Employees at Pixar have penned a letter suggesting that Disney leaders censor same-sex love onscreen and cuts “nearly every moment of overtly gay affection.”
First obtained by Popular Information newsletter journalist Judd Legum, the letter is unsigned but attributed to “the LGBTQIA+ employees of Pixar, and their allies.” It’s the latest in a collective reaction towards Florida’s “Don’t Say Gay” bill, legislation “prohibiting classroom discussion about sexual orientation or gender identity.” The widely criticized bill has been passed by Florida’s House of Representatives and Senate, now heading to governor Ron DeSantis’ desk, where it is poised to be passed into law.
The Pixar letter, published after Wednesday’s annual shareholder meeting, said Disney can do far more to fight against the bill, with a more concrete public response, and that if “Disney is true in its values, it will take a decisive public stand against the discriminatory legislation” in Florida, and other states with similar legislations.
But most notably, the letter claimed that Disney executives “shaved down to crumbs” any LGBTQIA+ content and representation put forth by Pixar writers and animators.
“Nearly every moment of overtly gay affection is cut at Disney’s behest, regardless of when there is protest from both the creative teams and executive leadership at Pixar,” reads the letter, per Variety. “Even if creating LGBTQIA+ content was the answer to fixing the discriminatory legislation in the world, we are being barred from creating it. Beyond the ‘inspiring content’ that we aren’t even allowed to create, we require action.”
“Nearly every moment of overtly gay affection is cut at Disney’s behest.”
Disney’s CEO Bob Chapek has faced internal and external pressure to condemn the bill — Disney employs 80,000 people in Florida. On Monday, Chapek sent a company-wide memo declaring that he and Disney’s leadership team “unequivocally stand in support of our LGBTQ+ employees, their families, and their communities,” and that Disney was “committed to creating a more inclusive company—and world.”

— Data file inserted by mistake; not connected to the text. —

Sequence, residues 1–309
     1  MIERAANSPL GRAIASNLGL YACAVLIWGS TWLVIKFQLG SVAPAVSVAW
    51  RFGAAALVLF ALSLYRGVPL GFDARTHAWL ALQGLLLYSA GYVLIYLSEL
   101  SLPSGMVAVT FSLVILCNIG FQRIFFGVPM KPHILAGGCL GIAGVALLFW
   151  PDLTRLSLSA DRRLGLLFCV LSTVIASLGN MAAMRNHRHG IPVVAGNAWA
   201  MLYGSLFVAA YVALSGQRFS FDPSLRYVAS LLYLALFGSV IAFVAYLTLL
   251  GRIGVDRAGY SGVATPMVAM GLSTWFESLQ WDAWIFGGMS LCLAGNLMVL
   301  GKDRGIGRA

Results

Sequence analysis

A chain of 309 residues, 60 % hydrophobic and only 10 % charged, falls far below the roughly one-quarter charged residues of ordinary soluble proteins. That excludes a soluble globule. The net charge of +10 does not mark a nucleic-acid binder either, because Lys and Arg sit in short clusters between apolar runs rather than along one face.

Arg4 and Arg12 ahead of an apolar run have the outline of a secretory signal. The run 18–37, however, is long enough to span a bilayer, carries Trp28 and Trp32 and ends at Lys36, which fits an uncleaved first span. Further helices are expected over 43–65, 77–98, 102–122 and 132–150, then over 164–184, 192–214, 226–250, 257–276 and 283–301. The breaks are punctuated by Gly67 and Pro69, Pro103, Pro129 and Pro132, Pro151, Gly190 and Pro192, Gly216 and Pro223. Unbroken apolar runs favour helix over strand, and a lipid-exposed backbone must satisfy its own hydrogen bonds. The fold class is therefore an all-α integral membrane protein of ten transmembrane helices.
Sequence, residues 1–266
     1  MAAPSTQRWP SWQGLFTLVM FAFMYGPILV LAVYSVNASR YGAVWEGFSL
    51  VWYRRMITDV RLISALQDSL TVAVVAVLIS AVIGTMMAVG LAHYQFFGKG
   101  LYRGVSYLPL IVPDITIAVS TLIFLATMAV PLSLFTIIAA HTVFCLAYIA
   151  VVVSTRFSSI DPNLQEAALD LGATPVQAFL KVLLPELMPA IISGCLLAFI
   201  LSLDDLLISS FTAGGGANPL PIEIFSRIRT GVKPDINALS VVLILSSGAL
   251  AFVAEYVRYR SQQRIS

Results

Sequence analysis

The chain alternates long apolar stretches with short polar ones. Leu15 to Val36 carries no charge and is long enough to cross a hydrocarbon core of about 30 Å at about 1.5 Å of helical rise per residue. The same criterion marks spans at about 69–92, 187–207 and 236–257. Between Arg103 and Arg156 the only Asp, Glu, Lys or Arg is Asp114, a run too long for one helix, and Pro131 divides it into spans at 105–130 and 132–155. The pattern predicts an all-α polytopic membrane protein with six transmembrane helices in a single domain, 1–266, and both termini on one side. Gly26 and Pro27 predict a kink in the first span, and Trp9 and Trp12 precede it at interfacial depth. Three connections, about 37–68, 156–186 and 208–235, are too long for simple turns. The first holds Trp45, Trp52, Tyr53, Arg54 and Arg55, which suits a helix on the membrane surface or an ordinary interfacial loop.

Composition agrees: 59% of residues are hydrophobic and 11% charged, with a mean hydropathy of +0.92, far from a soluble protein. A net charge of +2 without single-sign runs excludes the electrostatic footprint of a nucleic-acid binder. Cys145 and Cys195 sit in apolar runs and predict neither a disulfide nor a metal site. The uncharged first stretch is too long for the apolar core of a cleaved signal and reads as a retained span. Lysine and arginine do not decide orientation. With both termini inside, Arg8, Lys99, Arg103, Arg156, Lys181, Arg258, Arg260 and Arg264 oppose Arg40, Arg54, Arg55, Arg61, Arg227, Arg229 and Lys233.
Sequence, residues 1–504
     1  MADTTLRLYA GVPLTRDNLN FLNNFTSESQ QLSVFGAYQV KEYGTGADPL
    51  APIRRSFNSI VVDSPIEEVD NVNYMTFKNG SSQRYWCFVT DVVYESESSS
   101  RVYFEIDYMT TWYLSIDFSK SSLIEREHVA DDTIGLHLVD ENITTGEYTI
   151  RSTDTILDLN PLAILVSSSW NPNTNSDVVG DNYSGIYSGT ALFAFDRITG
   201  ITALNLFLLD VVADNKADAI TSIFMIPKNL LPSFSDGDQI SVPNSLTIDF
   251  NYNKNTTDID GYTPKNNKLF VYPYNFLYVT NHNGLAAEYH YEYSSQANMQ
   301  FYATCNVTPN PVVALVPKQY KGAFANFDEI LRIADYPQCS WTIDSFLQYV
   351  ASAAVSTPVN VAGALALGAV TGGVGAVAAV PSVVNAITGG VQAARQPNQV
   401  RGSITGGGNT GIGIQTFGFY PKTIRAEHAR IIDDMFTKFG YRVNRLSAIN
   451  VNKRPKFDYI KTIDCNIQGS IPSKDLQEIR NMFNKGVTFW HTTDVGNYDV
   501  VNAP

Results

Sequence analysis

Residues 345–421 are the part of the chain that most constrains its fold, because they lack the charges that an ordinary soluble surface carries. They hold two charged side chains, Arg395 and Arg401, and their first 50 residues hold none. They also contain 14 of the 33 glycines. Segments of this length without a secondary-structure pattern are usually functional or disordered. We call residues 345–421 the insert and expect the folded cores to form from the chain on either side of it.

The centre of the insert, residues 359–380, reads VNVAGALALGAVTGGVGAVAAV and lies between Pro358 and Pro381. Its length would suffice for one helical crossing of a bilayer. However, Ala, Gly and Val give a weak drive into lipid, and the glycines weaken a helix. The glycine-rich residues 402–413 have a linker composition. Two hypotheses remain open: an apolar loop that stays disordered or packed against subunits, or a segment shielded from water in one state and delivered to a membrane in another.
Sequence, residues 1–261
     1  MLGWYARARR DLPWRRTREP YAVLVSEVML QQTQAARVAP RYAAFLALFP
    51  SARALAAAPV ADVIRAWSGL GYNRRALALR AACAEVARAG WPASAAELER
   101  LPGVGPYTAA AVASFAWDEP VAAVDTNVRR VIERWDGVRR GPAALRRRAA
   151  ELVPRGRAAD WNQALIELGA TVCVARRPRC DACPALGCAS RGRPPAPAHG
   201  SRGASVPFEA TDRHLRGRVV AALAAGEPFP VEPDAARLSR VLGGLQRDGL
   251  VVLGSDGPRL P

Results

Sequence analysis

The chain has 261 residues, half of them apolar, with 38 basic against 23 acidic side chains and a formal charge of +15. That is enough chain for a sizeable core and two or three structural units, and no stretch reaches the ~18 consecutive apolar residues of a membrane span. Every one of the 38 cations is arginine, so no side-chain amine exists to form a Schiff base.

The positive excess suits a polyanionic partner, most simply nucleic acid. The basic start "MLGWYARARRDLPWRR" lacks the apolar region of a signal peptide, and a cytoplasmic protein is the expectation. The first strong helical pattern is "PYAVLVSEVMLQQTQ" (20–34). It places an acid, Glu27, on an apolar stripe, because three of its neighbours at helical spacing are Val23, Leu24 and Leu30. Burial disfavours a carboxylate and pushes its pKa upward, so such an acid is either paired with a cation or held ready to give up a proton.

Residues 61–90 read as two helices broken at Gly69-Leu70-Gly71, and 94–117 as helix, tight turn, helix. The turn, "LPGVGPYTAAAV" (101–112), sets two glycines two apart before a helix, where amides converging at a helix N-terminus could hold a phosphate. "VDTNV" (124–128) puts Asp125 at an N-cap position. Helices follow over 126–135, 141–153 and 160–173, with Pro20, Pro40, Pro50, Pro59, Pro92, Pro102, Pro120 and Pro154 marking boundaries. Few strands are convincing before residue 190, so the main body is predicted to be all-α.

“I believe the best way for our company to bring about lasting change is through the inspiring content we produce, the welcoming culture we create, and the diverse community organizations we support,” Chapek’s memo read.
This echoed a similar statement from Disney last week which declared, “The biggest impact we can have in creating a more inclusive world is through the inspiring content we produce…”
LGBTQ Disney employees took to Twitter on Monday to speak about the “Don’t Say Gay” bill and its potential dangers, asking Disney to take a stronger stance against it. Animation writer Benjamin Siemon, for instance, said, “LGBT kids are going to be left alone and scared and hurt by this bill.” Abigail Disney, an activist, filmmaker, and descendent of Disney’s co-founder Roy O. Disney, also took to social media to express outrage. The hashtag #BoycottDisney quickly began to trend on Twitter.
Chapek spoke about the criticism at an annual shareholder meeting on Wednesday, saying, “While we’ve been strong supporters of the community for decades, I know that many are upset that we did not speak out against the bill. We were opposed to the bill from the outset, and we chose not to take a public position because we felt we could be more effective working behind the scenes directly with lawmakers on both sides of the aisle.”
The CEO also said he called Governor DeSantis to express Disney’s disappointment and concern, to which DeSantis responded by agreeing to a meeting with LGBTQ members of Disney’s senior team in Florida.
On Wednesday, Chapek also pledged a $5 million donation to The Human Rights Campaign (HRC) and other organizations protecting LGBTQ rights, which was rejected by the HRC citing the need for “meaningful action” from the company on the bill. Disney responded, with a spokesperson saying, “We signed the HRC’s national business statement opposing anti-LGBTQ+ legislation and pledged to financially support their efforts, and while we are surprised and disappointed that they will not take our financial support at this time, we remain committed to meaningful action to combat legislation targeting the LGBTQ+ community.”
Disney’s support of LGBTQ employees and the community at large, the Pixar letter claims, is only a very recent development, citing that “Disney Parks did not officially host Pride until 2019, in Paris alone.”
Your move, Disney.
Read more: mashable.com